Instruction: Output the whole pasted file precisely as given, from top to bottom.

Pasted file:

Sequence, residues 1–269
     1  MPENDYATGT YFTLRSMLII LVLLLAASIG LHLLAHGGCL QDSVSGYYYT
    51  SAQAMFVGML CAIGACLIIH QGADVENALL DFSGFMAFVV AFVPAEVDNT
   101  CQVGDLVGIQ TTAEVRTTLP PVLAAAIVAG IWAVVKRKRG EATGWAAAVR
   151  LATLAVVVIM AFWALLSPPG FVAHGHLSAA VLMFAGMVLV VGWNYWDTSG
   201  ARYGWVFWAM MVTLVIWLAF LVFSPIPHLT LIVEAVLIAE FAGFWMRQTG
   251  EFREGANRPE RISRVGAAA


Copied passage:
Sequence, residues 1–269
     1  MPENDYATGT YFTLRSMLII LVLLLAASIG LHLLAHGGCL QDSVSGYYYT
    51  SAQAMFVGML CAIGACLIIH QGADVENALL DFSGFMAFVV AFVPAEVDNT
   101  CQVGDLVGIQ TTAEVRTTLP PVLAAAIVAG IWAVVKRKRG EATGWAAAVR
   151  LATLAVVVIM AFWALLSPPG FVAHGHLSAA VLMFAGMVLV VGWNYWDTSG
   201  ARYGWVFWAM MVTLVIWLAF LVFSPIPHLT LIVEAVLIAE FAGFWMRQTG
   251  EFREGANRPE RISRVGAAA